The availability of a blood-based diagnostic would be a vast improvement on the current approach which requires people to consume gluten for a number of weeks, and even months, for testing to be accurate.
Published today in Science Advances, the research addresses a longstanding mystery about what drives the adverse reaction to gluten in coeliac disease patients.
The peer-reviewed study included the world's top coeliac disease experts from the Walter and Eliza Hall Institute of Medical Research in Australia, University of Oslo in Norway, and in the U.S., Massachusetts General Hospital and University of Chicago. The study was led by Boston-based biotechnology company ImmusanT Inc.
Associate Professor Jason Tye-Din, head of coeliac research at the Institute and a gastroenterologist at The Royal Melbourne Hospital said work was now underway to explore the development of a simple blood test for coeliac disease.
“For the many people following a gluten-free diet without a formal diagnosis of coeliac disease, all that might be required is a blood test before, and four hours after, a small meal of gluten.
“This would be a dramatic improvement on the current approach, which requires people to actively consume gluten for at least several weeks before undergoing an invasive procedure to sample the small intestine,” Associate Professor Tye-Din said.
Coeliac disease affects approximately 1.4 per cent of people globally, many of whom remain undiagnosed. Symptoms of the disease are caused by a damaging immune response to gluten. After consuming gluten, patients can experience reactions such as nausea, vomiting, abdominal pain and diarrhoea.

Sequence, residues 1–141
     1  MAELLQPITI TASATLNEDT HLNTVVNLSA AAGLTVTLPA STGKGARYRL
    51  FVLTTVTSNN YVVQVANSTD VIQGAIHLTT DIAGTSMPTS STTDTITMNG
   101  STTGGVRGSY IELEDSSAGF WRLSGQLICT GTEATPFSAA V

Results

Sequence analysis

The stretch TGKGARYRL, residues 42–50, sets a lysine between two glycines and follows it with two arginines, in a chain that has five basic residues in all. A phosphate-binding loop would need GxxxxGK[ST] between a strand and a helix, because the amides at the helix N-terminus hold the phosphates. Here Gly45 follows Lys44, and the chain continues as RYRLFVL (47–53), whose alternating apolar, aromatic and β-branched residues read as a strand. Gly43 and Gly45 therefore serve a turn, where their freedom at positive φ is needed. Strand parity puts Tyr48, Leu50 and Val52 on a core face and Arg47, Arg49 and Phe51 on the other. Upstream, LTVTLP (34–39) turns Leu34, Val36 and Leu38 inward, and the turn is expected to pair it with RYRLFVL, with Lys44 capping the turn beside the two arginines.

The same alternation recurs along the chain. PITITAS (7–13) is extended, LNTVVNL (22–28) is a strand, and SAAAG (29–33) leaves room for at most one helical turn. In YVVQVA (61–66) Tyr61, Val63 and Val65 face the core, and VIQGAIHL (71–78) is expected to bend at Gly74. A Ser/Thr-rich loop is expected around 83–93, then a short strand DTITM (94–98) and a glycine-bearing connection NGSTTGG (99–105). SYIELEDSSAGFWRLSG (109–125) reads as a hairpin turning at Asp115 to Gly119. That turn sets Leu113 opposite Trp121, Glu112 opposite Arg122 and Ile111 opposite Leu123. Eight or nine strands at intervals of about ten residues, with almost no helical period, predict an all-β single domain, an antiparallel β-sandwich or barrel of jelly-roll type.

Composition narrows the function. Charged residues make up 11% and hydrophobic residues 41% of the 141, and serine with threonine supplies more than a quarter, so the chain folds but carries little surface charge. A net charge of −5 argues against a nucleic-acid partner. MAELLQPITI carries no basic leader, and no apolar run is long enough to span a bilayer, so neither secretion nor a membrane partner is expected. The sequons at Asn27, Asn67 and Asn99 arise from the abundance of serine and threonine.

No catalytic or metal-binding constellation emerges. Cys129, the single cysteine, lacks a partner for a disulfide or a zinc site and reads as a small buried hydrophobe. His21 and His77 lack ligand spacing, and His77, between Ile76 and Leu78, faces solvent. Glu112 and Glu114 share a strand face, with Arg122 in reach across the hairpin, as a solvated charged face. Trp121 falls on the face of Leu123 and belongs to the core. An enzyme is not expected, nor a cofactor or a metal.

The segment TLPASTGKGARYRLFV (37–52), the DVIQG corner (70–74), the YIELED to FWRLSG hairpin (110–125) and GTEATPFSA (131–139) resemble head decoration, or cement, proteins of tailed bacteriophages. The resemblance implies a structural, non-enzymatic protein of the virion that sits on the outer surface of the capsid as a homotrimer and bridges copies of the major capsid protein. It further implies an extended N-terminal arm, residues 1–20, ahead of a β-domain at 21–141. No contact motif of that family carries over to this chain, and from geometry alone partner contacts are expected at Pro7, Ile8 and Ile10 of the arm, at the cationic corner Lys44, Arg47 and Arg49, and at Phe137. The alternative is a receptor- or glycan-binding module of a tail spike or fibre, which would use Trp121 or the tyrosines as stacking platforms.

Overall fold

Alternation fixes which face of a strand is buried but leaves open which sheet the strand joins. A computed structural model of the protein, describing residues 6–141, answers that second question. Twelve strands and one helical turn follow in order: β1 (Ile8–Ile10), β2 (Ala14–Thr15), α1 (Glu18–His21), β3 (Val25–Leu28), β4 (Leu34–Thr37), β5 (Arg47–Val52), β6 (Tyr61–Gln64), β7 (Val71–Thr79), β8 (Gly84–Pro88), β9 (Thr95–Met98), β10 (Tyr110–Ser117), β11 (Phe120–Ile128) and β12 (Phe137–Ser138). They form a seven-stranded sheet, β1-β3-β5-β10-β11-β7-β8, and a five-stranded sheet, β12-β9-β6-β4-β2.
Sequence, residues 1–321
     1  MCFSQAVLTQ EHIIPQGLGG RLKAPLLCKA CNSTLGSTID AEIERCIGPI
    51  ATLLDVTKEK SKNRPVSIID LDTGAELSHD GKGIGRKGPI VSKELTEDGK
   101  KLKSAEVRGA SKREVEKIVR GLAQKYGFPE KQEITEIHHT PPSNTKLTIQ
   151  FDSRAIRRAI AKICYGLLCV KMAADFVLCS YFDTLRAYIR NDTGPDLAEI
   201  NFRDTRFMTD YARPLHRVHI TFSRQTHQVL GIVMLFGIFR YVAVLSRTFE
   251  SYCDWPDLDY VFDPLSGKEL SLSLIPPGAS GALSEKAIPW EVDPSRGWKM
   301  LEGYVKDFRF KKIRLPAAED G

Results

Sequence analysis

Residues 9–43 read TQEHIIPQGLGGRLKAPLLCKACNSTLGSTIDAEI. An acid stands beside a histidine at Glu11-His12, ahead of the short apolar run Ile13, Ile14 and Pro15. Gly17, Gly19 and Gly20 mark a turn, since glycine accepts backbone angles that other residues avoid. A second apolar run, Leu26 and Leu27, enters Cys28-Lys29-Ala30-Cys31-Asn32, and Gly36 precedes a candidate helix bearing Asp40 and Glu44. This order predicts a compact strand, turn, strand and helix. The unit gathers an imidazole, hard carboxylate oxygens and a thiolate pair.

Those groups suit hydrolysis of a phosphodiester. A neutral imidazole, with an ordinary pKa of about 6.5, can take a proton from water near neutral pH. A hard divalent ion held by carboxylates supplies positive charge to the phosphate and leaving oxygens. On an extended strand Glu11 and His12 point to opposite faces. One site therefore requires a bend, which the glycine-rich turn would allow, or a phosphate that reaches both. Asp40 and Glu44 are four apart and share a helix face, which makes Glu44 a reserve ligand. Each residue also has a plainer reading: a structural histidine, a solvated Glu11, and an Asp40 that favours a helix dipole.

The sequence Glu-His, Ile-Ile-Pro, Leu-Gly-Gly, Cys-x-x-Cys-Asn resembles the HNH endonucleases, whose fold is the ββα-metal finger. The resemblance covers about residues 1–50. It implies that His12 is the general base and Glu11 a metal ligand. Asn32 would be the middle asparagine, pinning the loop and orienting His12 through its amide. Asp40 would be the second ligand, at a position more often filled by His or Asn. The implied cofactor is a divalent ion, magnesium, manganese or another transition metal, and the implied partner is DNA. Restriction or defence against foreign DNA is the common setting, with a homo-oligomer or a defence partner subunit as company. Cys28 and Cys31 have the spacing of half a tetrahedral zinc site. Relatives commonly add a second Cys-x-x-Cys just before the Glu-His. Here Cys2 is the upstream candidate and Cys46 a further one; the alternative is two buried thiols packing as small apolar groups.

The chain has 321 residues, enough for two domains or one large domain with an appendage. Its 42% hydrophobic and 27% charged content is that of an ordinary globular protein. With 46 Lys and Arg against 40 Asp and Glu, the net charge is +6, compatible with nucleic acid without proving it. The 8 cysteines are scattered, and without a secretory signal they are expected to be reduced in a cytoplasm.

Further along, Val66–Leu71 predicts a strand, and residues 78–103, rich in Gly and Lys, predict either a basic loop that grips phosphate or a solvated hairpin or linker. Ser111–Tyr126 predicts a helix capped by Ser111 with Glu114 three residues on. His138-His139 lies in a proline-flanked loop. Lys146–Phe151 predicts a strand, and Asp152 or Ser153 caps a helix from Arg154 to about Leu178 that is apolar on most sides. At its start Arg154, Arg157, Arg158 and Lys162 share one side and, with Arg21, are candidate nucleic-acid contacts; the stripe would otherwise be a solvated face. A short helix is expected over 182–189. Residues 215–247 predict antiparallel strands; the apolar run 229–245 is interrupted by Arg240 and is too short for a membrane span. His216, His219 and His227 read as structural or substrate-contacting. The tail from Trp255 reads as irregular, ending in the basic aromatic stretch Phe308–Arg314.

Dr Bob Anderson, a joint senior author of the paper and the Chief Scientific Officer of ImmusanT Inc., said the new findings could address an important medical need.
“For the first time we have described the inflammatory reaction that patients with coeliac disease experience in the immediate hours after they are exposed to gluten.
“The unpleasant symptoms associated with the disease are linked to an increase in inflammatory molecules in the bloodstream, such as interleukin-2 (IL-2), produced by T cells of the immune system. This response is similar to what happens when an infection is present, however for people with coeliac disease, gluten is the trigger.
“This information underpins a potential new approach to diagnosis that addresses the emerging medical need to identify patients without coeliac disease who may be better served by other treatments for their chronic symptoms,” Dr Anderson said.
Researchers at ImmusanT first discovered the immune markers while assessing blood samples during the Phase 1 trial of a potential coeliac therapy called Nexvax2. Gastrointestinal symptoms in patients injected with the gluten peptides, particularly nausea and vomiting, correlated with higher levels of IL-2 in their blood.
Subsequent testing showed the consumption of gluten produced the same IL-2 response in people with coeliac disease.
CEO of Coeliac Australia, Ms Michelle Laforest, said the finding would be welcome news for the coeliac community in Australia.
“The potential for a one-off gluten challenge and blood test could make a significant difference to many thousands of Australians who report sensitivity to gluten but have been unable to tolerate the current testing approach.
“It is clear this research has the potential to revolutionise the current testing regime for coeliac disease globally,” Ms Laforest said.
The research was supported by the University of Oslo KG Jebsen Coeliac Disease Research Centre, The University of Chicago Celiac Disease Center, the University of Melbourne and ImmusanT Inc.
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